The genius of having your album funded by your own fans directly before you’ve even made it is that while you are making it, you know exactly who you’re making it for. Not for record company execs who have given you money to make it and want to have their say, but for the people who care enough about what you do to pay you to do it. Disc Two of Ginger’s 555%, funded by his fans through PledgeMusic, shows exactly what that kind of music can sound like.
Disc One (reviewed here last week) was good enough on its own merits to be an album, and Ginger’s warnings after the positive reaction to those ten tracks was that this week’s disc might be more divisive because it was going to be more experimental. The reaction on Twitter at the ‘launch party’ suggests that he was wrong to doubt both the open-mindedness of his Pledgers, but even more so, the quality of his own material. Because while Disc Two takes a lot more risks than Disc One, those risks make it even better than what was already a high standard.
From the opening seconds of Another Spinning Fucking Rainbow, you can see why he was issuing those warnings on Twitter, because it’s instantly unrecognisable as anything close to The Wildhearts, with a P-Funk throbbing bassline possibly making a few worry about how far off-piste he was going to stray. His whole solo career so far has been about pushing the experimental side of his main band beyond the limits they could explore, and it’s been all the more interesting for that, but he rarely forgets to do what he does best, and this disc’s opener soon reassures that he knows what he’s doing.
It may have that funky opening, but the crunching guitars and soaring chorus are pure Ginger, just with a twist to keep it all sounding fresh. After all, three discs of regulation Wildhearts material might get a little old even for the die-hards. For me, Westward Ho! (A New Reputation) is even better, with traces of one of Ginger’s favourite bands, The Korgis, in the weird-pop lyrics and melodies, making it one of my favourite songs from the project so far.Do the Lonely Suffer More, or Less, or Just the Same at the Point of Death? has got an awesome title that Fiona Apple would be proud of, and harmonies and structure at the end that Brian Wilson would have been happy to claim as his own in the mid-to-late 60s.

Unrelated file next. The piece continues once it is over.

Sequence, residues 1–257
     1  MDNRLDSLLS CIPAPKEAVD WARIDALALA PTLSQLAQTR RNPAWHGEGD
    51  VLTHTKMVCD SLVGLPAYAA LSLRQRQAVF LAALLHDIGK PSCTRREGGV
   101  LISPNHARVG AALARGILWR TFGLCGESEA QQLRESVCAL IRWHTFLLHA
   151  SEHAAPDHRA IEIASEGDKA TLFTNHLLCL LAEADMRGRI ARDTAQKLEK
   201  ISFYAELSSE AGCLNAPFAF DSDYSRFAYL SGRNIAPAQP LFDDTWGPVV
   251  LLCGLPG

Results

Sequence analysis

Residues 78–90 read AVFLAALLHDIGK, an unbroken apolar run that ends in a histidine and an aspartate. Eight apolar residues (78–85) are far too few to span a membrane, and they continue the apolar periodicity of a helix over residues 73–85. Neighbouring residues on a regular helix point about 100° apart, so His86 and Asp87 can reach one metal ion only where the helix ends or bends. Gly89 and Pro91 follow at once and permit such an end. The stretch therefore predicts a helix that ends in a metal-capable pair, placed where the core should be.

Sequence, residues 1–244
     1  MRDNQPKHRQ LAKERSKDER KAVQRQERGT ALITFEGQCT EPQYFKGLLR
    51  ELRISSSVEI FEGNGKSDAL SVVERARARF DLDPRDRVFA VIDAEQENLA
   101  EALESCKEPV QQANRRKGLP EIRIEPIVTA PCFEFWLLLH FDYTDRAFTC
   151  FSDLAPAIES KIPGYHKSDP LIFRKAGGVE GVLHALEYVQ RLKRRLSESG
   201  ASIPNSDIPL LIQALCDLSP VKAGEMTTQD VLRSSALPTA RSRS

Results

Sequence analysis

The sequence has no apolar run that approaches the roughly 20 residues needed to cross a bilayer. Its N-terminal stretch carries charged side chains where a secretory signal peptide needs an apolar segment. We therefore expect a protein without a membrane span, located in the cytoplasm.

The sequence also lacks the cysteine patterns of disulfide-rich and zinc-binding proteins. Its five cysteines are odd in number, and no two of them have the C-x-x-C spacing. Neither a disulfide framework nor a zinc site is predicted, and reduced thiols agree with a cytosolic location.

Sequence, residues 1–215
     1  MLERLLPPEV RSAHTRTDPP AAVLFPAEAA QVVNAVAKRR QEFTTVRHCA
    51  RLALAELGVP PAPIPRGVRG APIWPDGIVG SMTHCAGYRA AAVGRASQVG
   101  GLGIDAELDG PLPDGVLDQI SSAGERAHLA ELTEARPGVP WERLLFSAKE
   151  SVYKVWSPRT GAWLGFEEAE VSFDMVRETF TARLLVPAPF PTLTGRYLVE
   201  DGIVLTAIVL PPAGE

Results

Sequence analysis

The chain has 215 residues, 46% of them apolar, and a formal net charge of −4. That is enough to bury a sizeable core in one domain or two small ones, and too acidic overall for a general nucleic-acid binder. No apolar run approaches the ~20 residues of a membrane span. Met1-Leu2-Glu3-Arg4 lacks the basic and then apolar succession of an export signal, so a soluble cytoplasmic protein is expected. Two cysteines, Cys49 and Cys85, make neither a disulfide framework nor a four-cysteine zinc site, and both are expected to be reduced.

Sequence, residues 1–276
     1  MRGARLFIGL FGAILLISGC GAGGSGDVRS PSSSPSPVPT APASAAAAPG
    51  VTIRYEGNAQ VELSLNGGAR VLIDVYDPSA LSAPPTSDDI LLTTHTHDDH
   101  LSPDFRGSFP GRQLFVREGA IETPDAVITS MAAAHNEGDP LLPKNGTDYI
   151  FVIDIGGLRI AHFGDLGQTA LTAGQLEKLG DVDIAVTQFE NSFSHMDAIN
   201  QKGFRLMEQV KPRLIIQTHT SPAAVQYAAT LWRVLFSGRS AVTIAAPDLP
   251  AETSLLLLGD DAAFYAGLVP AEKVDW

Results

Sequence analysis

One of the things that becomes most obvious on this disc, even more so than the first, is the importance of the presence of Willie Dowling on production duties, because tracks like The Other Side, Lover It Will All Work Out and Illuminating Times all bear the hallmarks of his insane (and insanely underrated) knack for perfect pop melodies. All three of those are amongst Ginger’s best sweet songs and you can definitely hear something of the Sugarplum Fairies in moments of them, making you wish Dowling had enjoyed better success with his own bands.
One slightly odd moment comes with Strange New Year, which starts off almost exactly like What Deaner Was Talking About by Ween, another of Ginger’s favourite bands (mentioned of course in Urge) and you have to assume it’s a deliberate homage rather than an unconscious theft, but it only occurs occasionally in the song anyway and it’s another belter once you get past that similarity. Like Disc One, it ends very well with a build-up in those wonderful rifftastic sections of songs that we all love from Ginger, not least in Return Of The Northern Cardinal, which songs like a prog song in title and structure.
So, two discs down, two very enjoyable treats on a Friday evening for the fans and seemingly great feedback, even on ‘the difficult second disc’. It seems like Ginger’s PledgeMusic album has been a roaring success, both commercially (up to 570% on the target now) and artistically. Even more than the first disc, this sounds like he went into 555% with the confidence of the backing he got from us, and determined to reward our faith with the best music he’s ever done. So far, that’s exactly what he’s delivered. Roll on Disc Three.
When one of your favourite bands announce their new album is coming out soon, there’s that wonderful flutter of excitement in your stomach. But sometimes they follow that up with those dreaded words ‘covers album’ and the fluttering butterflies plummet to the ground. Can Underwater Sunshine by Counting Crows prove that there can be a point to an album of other people’s songs?